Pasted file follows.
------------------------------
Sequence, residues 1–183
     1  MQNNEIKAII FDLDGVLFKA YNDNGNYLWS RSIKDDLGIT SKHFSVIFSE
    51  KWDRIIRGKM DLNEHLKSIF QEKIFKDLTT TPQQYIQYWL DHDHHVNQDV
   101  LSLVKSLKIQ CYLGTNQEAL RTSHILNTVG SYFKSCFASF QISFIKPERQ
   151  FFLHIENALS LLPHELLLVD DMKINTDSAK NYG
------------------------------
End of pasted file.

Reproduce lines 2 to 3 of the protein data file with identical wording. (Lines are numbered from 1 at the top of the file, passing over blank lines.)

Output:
     1  MQNNEIKAII FDLDGVLFKA YNDNGNYLWS RSIKDDLGIT SKHFSVIFSE
    51  KWDRIIRGKM DLNEHLKSIF QEKIFKDLTT TPQQYIQYWL DHDHHVNQDV